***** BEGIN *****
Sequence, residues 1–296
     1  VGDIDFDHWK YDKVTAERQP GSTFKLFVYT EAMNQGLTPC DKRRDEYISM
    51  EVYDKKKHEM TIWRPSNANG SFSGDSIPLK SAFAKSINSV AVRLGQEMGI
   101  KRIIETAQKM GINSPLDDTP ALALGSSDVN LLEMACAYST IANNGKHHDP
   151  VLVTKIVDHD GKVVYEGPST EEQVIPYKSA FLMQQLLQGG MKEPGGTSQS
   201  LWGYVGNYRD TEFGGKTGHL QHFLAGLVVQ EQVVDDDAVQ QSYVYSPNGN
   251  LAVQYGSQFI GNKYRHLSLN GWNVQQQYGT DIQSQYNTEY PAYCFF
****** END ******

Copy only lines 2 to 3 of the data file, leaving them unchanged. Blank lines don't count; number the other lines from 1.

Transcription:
     1  VGDIDFDHWK YDKVTAERQP GSTFKLFVYT EAMNQGLTPC DKRRDEYISM
    51  EVYDKKKHEM TIWRPSNANG SFSGDSIPLK SAFAKSINSV AVRLGQEMGI